When Paul was first diagnosed with metastatic cancer we were told that surgery would not be an option for us, so we put it straight out of our minds. And then along the way, I kept reading as much as I could about pancreatic cancer. I came across a surgeon in Melbourne who also conducted their own research. We met with them to discuss the research. As an aside, the surgeon indicated they had looked at Paul's scans and thought they might be able to operate in the future. We didn't really think a lot about that because [initially] we’d been told that Paul was inoperable.  

Paul was in hospital after vomiting copious amounts of blood. The hospital couldn’t tell us what was causing it. I reached out to the surgeon again to get their view, and they said, ‘I've looked at the scans and I know what's causing the bleeding.’ Left long enough, it would have killed him. Whilst Paul was preparing for surgery he had another nearly catastrophic bleed, which led to emergency surgery. Subsequent histology reports indicated that he’d had almost a complete response to chemotherapy. We were shocked because scans never, ever indicated this and if they had, we may have had more hope. It makes me wonder how many other people having chemotherapy are actually getting a better response than scan reports indicate. We wouldn’t have known ourselves if Paul hadn’t had emergency surgery and the tumours were biopsied. After this, he was able to have further surgery to remove more tumours, most of which were also inactive.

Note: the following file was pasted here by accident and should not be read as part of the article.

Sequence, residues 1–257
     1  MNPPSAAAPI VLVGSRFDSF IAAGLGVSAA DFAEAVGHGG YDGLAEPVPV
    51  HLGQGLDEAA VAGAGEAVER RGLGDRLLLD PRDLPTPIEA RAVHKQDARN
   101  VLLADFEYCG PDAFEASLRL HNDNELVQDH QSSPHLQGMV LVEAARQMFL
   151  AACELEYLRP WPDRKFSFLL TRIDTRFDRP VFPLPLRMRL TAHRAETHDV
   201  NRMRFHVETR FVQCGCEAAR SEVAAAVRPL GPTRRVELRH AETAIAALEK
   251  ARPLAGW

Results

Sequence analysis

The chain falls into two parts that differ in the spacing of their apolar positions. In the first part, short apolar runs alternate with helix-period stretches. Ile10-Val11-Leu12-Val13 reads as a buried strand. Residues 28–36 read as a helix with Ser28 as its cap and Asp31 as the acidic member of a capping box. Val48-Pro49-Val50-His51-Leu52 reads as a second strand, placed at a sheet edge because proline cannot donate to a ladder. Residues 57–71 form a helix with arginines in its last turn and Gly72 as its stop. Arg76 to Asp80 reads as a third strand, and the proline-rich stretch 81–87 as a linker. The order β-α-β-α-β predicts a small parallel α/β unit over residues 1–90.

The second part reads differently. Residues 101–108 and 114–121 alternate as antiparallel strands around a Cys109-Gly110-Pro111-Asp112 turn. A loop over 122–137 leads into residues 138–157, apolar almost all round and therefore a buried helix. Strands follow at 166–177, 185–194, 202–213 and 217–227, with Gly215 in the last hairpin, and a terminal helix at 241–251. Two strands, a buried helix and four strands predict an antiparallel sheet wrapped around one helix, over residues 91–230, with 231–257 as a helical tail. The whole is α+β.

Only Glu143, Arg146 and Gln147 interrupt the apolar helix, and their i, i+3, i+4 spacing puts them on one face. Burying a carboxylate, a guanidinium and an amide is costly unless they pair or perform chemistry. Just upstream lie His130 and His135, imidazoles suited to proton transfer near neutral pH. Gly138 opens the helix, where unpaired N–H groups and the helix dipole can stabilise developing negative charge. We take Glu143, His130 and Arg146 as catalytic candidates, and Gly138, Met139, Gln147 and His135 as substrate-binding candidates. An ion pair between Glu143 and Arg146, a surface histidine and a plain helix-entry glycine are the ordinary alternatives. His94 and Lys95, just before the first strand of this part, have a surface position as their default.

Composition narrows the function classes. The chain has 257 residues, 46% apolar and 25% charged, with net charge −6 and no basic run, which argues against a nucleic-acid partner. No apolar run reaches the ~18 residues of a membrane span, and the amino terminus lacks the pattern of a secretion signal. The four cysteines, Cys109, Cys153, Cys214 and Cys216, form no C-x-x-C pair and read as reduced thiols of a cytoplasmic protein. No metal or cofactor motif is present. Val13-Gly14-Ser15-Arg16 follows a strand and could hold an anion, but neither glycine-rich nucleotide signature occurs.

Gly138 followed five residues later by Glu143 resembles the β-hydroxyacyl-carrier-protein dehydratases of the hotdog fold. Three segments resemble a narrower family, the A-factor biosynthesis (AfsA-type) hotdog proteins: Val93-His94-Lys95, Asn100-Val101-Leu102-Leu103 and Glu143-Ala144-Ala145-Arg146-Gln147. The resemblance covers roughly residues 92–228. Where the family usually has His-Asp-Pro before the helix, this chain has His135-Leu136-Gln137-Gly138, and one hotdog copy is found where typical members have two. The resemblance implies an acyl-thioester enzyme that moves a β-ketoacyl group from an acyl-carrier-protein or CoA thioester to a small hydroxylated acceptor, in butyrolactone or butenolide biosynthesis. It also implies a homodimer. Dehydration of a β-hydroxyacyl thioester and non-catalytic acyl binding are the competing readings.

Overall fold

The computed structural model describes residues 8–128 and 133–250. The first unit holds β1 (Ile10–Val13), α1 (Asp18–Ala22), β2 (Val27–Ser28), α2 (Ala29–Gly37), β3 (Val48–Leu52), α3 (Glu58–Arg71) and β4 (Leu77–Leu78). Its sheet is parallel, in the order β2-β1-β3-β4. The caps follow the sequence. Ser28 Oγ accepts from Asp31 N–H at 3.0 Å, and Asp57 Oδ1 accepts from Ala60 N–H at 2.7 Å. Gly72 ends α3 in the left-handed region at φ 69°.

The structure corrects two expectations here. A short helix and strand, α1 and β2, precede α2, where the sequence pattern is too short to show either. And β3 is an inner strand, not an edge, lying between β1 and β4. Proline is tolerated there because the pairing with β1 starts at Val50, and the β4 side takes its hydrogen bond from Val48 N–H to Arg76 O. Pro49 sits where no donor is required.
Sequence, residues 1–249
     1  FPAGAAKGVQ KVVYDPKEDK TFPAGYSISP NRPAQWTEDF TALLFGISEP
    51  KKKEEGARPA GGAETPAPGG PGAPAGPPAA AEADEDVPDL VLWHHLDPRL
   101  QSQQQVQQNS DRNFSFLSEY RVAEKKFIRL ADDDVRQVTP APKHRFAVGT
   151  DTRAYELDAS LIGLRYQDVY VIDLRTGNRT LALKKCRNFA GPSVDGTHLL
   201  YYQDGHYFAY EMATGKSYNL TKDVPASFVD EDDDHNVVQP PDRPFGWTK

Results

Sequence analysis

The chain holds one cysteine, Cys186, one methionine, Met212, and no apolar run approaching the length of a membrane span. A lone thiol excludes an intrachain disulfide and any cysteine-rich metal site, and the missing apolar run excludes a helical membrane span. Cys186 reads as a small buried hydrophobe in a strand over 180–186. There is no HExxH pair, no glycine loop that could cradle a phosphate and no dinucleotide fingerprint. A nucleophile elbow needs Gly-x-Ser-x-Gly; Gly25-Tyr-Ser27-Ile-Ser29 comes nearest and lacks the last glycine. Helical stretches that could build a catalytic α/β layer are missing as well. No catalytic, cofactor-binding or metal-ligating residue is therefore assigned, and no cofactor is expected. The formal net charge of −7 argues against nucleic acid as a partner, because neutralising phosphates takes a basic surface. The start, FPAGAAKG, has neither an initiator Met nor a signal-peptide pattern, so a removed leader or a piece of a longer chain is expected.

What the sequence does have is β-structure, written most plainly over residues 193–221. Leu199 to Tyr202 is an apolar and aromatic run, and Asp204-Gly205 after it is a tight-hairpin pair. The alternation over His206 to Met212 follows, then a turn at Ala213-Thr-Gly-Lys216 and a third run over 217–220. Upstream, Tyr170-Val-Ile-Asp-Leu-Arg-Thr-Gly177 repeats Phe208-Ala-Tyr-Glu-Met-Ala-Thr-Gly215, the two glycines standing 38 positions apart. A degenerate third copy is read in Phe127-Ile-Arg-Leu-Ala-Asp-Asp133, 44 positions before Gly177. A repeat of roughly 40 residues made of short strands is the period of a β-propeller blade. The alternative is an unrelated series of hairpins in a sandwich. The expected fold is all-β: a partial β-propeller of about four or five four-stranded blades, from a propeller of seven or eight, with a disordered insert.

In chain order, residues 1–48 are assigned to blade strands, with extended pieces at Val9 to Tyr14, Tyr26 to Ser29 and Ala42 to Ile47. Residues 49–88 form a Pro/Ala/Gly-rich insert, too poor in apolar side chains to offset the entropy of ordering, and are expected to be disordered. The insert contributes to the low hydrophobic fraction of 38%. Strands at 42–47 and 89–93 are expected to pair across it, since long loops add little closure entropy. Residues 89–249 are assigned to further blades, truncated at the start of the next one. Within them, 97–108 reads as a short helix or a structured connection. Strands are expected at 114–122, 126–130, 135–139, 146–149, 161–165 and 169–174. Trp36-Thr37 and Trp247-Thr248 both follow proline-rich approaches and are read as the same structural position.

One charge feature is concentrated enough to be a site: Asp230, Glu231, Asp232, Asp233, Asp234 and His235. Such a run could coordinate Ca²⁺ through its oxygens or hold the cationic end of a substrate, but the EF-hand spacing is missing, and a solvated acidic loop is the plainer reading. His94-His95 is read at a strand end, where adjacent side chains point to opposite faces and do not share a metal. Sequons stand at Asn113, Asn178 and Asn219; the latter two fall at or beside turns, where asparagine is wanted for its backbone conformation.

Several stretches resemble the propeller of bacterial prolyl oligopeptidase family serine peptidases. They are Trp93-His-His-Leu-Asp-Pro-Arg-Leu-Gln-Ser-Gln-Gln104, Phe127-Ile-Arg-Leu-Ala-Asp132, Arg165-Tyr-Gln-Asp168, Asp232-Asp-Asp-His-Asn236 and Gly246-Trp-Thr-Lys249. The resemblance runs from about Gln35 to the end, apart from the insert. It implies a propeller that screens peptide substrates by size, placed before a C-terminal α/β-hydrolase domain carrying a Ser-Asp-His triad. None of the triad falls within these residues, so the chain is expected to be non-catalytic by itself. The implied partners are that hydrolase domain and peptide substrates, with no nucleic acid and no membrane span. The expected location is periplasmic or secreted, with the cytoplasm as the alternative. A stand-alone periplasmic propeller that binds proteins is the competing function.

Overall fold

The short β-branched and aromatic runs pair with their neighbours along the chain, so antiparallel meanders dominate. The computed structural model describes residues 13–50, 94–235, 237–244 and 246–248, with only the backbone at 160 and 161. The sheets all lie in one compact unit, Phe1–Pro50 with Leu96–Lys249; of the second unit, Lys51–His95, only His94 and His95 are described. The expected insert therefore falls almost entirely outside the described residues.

We were well aware that the cancer could recur. We knew that, but because of that surgery we were given another Christmas with our children and more time. And, not just more time with a really reduced quality of life. Paul was really, really well and people were telling us they've never seen him look better. How does that happen from a stage four pancreatic cancer diagnosis? Looking fit and healthy and enjoying a really high quality of life? We’re so grateful for that surgery that we were originally told would never be possible. But, I have a real concern about what would have happened if the internal bleeding hadn't happened and I wonder how many other patients are out there in a similar situation. Perhaps getting a better response to the chemotherapy than what scans can reveal and [who] could be given the same opportunity.